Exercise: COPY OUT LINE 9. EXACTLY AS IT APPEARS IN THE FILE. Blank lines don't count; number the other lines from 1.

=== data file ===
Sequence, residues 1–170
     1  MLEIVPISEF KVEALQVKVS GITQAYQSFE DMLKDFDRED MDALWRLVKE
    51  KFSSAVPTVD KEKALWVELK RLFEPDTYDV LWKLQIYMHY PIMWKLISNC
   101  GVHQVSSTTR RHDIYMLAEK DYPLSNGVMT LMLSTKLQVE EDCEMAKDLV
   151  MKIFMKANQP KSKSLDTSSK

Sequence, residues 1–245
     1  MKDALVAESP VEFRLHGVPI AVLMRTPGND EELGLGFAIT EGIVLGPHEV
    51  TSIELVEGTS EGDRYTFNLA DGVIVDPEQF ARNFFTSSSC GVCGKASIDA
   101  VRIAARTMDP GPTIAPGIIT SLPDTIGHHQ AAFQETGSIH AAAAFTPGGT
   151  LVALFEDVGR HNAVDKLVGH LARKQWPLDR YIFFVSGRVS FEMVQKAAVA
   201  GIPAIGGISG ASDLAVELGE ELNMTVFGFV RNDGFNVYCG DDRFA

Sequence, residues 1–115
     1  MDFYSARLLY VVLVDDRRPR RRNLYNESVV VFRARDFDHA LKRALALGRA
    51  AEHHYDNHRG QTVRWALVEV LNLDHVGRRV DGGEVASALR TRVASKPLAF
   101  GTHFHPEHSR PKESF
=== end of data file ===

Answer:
   101  VRIAARTMDP GPTIAPGIIT SLPDTIGHHQ AAFQETGSIH AAAAFTPGGT